- The CIA’s deputy director of operations, Jim Pavitt, told Bush shortly after he was elected that bin Laden was one of the gravest threats to the country.
“President-elect Bush asked whether killing bin Laden would end the problem. Pavitt said he and [Tenet] answered that killing bin Laden would have an impact but not stop the threat,” the report said.
The CIA later told the White House that “the only long-term way to deal with the threat was to end al-Qaida’s ability to use Afghanistan as a sanctuary for its operations.”
- The White House was not informed about investigations that revealed that two al-Qaida operatives — both of them future hijackers — were in the United States or about the FBI investigation of Zacarias Moussaoui, the only person to be charged in the United States with being a conspirator in the Sept. 11 operation.
Raw intelligence reports distributed
Tenet testified that his agency made the elimination of bin Laden and his shadowy network a high priority, setting up the special al-Qaida unit in early 1996 and issuing the first in a long series of warnings about the threat posed by the Saudi and his organization.
Although it was difficult to track bin Laden once he moved from the Sudan into Afghanistan, the agency also expanded its intelligence network in the country to try and pinpoint his whereabouts, he said.Video: Day 2
Tenet also noted in a written statement that the agency widely disseminated raw intelligence reports in the summer of 2001 indicating that al-Qaida was engaged in “intensive operational planning and preparations” for a terrorist attack and that among their targets of choice was the U.S. homeland.
“Despite the efforts, we still did not penetrate the plot,” he said.
But a member of the commission, Bob Kerrey, a former Democratic senator from Nebraska, countered that the CIA’s warnings and briefings produced a flawed plan to fight al-Qaida that was circulated among senior Bush administration officials just days before the Sept. 11 attacks.
“I was briefed this morning on that plan. I would say fortunately for the administration it’s classified, because there’s almost nothing in it,” he said.
In the part of the preliminary report that was issued Tuesday — sections five and six — the commission said U.S. officials planned missile attacks on bin Laden after receiving intelligence on his whereabouts but did not proceed with the strikes because the intelligence came from a single, uncorroborated source and there was a risk that innocent bystanders would be killed.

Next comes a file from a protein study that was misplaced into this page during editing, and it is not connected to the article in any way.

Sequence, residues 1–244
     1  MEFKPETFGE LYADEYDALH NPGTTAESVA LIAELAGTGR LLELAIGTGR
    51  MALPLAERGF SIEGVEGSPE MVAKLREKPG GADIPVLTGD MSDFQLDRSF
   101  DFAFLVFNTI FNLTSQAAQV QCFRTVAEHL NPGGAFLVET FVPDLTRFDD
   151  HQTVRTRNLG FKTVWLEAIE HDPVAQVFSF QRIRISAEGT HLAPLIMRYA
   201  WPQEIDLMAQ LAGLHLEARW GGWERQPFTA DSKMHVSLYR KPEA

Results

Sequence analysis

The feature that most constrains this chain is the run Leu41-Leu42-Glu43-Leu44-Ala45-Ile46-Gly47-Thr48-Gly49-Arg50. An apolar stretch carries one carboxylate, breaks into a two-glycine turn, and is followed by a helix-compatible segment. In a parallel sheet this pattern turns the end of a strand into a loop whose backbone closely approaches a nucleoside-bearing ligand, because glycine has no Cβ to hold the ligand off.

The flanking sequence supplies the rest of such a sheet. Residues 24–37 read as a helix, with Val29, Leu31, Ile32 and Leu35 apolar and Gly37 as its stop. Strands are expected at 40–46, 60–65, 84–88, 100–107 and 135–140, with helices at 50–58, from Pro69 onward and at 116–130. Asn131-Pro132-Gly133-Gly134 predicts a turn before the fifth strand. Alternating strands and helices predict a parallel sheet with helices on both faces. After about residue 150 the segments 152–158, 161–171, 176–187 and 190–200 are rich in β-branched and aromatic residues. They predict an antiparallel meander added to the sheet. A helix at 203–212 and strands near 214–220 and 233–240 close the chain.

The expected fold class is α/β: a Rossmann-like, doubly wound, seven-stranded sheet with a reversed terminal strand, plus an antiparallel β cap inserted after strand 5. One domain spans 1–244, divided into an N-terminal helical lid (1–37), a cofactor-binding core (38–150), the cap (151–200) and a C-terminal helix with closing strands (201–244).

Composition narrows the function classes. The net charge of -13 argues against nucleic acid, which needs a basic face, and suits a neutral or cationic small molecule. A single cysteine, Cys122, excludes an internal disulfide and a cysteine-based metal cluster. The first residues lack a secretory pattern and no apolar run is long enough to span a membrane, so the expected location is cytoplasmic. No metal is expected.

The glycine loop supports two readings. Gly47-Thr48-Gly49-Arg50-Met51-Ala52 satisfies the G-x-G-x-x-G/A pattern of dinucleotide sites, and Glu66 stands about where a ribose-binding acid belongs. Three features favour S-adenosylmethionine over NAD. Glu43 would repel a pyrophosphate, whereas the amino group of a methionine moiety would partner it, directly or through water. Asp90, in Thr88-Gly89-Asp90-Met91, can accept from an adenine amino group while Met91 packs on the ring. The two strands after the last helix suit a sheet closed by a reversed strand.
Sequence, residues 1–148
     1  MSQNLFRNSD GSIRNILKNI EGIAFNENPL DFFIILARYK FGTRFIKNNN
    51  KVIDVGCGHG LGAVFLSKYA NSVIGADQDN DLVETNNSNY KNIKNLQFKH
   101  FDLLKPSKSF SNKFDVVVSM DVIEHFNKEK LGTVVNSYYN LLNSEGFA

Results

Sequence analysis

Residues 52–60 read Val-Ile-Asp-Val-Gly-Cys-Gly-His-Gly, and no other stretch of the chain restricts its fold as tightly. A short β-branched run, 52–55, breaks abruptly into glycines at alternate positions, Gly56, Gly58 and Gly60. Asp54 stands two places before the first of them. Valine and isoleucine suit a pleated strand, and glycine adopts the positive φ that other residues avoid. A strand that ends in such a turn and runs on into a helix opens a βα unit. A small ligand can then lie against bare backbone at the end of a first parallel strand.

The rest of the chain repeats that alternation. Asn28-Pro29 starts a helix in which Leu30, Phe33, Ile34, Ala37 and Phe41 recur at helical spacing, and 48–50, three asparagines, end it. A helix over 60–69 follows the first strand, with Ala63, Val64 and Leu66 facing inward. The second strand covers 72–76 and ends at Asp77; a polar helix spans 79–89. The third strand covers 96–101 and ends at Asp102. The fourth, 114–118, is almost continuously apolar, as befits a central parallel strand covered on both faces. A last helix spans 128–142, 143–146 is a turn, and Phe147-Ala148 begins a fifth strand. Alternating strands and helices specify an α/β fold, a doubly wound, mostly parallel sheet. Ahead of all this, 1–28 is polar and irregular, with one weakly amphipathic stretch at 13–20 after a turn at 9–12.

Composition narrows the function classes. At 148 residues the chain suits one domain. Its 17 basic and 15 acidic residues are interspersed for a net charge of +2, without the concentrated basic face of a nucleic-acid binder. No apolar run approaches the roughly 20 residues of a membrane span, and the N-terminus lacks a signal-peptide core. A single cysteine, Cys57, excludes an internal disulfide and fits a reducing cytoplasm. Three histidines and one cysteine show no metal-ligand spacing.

“George would call and say, ‘We just don’t have it,’” the report quotes Berger as saying.
Findings to play role in election
The commission’s findings are to be released this summer and are likely to provide fodder for both Republicans and Democrats in their fall election campaigns. Sections five and six were released Tuesday; sections one through four were released last year to coincide with hearings on the details of the Sept. 11 attacks specifically.
In Tuesday’s report, the commission said that both the Clinton and the Bush administrations engaged in long, ultimately fruitless diplomatic efforts instead of military action to try to get bin Laden before Sept. 11, 2001.
The Clinton administration did strike targets in Sudan and Afghanistan following attacks on U.S. embassies in Africa. Bin Laden was not hit, and the commission report suggests that he may have been tipped off by a former head of Pakistani intelligence, Hamid Gul.
Intelligence reports placed bin Laden at specific locations in Afghanistan in December 1998, February 1999 and May 1999, but the intelligence was not considered strong enough for a strike.
Commissioners questioned why the United States lacked “actionable intelligence” that would have allowed them to strike at bin Laden and whether clues of an impending attack were missed by intelligence agencies before Sept. 11. Among the most glaring problems was the failure of U.S. officials to monitor two future Sept. 11 hijackers after they had been identified at an al-Qaida meeting in Malaysia in January 2000.
Defense Secretary Donald Rumsfeld and Secretary of State Colin Powell strongly defended the administration’s efforts at Tuesday’s hearing, saying the administration had been developing a strategy to defeat al-Qaida instead of offering tit-for-tat responses to terrorist attacks.
Both Rumsfeld and Powell expressed doubt that the administration, which took office less than eight months before the attacks, could have stopped the terrorists through military force.
“Killing bin Laden would not have removed al-Qaida’s sanctuary in Afghanistan,” Rumsfeld said. “Moreover, the sleeper cells that flew the aircraft into the World Trade towers and the Pentagon were already in the United States months before the attack.”
Powell said that even if U.S. forces had invaded Afghanistan, killed bin Laden and neutralized al-Qaida, “I have no reason to believe that would have caused them to abort their plans.”
Powell, Rumsfeld, former Secretary of State Madeleine Albright and former Defense Secretary William Cohen were pressed by commissioners who said both administrations were slow to respond the threat posed by al-Qaida, despite repeated attacks through the 1990s.
Asked what was considered actionable intelligence, Cohen said: “Do we have to be certain? The answer is no. Do you have to be pretty sure? I think that the answer is yes if you’re going to be killing a lot of people.”
Many commission members said they wanted national security adviser Condoleezza Rice, who has met with the panel privately, to testify in public. But Rice reiterated in an interview Wednesday on “NBC Nightly News” that while she wanted to do so, she would not because of the president’s executive privilege.
MSNBC.com’s Mike Brunker, The Associated Press and Reuters contributed to this report.